How to Stake Your Own Mining Claims—Part I
March 2016 by Chris RalphMany new prospectors start out prospecting in public areas and club claims, and this is perfectly fine, but the next step in the progression of becoming an experienced prospector is to locate and stake your own mining claims.
Several areas came to mind, but each was eliminated for one reason or another. One that seemed to be hanging on was the old historic mining town called Placerville.
I detect in a wide array of situations. I like to search for places that no one has been to. I really like to find areas that have never been worked at all.
I have smaller pans for cleaning black sand concentrates, big pans for taking large samples, pans with corners for pouring out materials, and pans with lots of special riffles. This variation is why I have so many pans—they each have their specialty.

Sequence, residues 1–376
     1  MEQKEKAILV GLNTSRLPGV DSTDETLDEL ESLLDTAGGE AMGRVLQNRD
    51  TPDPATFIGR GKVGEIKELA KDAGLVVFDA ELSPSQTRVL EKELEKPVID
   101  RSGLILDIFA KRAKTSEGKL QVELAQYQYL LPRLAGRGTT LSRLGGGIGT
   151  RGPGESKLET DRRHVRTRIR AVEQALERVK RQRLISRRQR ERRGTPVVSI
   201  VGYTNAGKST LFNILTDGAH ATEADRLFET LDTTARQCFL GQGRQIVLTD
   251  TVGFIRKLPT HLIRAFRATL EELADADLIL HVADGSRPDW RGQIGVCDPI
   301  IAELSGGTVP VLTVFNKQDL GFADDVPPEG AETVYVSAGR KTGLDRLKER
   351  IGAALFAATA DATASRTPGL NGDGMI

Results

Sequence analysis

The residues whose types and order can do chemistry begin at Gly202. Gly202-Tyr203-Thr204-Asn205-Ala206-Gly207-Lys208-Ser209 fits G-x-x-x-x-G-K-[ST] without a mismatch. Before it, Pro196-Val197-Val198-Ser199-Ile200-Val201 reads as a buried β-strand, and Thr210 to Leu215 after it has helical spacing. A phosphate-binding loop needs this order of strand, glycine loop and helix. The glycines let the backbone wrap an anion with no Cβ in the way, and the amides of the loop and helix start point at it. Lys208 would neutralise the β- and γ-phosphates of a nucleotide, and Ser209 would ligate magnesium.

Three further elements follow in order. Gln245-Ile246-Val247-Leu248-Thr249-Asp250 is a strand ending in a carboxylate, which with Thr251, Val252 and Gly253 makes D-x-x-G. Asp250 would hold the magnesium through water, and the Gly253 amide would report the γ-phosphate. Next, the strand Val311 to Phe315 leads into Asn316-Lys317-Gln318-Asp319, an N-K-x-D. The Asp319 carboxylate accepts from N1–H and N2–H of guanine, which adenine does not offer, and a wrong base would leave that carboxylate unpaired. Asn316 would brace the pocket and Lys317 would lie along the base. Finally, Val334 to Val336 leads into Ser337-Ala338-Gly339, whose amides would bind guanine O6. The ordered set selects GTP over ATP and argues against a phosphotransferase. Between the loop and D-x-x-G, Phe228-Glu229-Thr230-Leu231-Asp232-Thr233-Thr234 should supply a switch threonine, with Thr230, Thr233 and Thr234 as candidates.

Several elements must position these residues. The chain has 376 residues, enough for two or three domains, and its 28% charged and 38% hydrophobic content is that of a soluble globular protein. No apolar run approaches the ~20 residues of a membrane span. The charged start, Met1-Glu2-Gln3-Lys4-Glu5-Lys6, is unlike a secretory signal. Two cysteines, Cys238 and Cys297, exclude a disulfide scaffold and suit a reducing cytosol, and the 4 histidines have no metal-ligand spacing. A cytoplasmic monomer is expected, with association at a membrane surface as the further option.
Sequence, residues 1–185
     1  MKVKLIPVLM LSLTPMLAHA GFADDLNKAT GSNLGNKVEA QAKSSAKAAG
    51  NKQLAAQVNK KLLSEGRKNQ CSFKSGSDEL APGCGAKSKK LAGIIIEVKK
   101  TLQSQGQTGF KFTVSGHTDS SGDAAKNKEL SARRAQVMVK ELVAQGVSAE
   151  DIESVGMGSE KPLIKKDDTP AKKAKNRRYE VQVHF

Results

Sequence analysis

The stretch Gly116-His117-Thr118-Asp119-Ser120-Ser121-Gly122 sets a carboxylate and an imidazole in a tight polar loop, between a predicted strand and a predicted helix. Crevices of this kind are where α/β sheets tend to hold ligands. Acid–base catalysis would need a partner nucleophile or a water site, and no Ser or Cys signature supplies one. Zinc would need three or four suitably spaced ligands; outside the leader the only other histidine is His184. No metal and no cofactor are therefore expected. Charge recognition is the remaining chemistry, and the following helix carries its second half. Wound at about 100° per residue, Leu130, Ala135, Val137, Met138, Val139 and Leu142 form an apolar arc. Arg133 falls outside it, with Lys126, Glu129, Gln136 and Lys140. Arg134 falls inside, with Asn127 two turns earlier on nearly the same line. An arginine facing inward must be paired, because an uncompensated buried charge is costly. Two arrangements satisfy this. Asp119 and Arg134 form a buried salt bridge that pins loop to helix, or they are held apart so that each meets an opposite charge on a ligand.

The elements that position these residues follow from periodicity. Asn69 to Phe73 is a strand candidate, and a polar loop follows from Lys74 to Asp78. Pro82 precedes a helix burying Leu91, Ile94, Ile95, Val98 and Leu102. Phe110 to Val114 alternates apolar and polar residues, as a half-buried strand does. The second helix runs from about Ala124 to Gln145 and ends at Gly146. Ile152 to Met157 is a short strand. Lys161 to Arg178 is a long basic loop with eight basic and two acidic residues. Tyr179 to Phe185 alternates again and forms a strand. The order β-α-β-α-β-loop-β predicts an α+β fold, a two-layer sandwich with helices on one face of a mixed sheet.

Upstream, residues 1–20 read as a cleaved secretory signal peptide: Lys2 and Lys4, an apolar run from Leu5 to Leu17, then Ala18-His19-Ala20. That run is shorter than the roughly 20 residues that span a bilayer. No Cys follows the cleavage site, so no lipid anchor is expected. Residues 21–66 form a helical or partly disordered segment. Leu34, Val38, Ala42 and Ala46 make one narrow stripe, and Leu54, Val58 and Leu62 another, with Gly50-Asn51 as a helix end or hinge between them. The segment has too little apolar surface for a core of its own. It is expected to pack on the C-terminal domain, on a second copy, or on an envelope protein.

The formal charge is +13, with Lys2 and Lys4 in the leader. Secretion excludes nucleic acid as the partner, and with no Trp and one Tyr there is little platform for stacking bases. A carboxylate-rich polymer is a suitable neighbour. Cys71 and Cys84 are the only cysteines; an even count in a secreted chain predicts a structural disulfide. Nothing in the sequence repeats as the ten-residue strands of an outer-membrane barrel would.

These are just some of the ways I have been able to find new spots to metal detect for gold.
I was amazed and surprised, and I took a moment to admire how beautiful this coarse chunk of gold was. It later weighed exactly one-half ounce.
I picked up a noticeably heavy, fist-sized chunk of what I thought was a heavy piece of iron. After wiping some of the dirt and clay off, I still didn't know what on earth this object was.
I am going to suggest dozens of ways you can increase suction power, dredge to greater depths, and improve recovery methods in your sluice box.
The Bawl Mill • Legislative and Regulatory Update • Ask The Experts • Ask The Experts • Ask The Experts • Addressing EPA Overreach: What Dredgers Need to Know • Green Valley Gold District, Payson, Arizona • Nevada's Silver City Gold District—Part I • Enrichment of Mineral Deposits by Weathering—Part I • Alaska: Kodiak Islands Mineral Resources • Melman on Gold & Silver • Mining Stock Quotes and Mineral & Metal Prices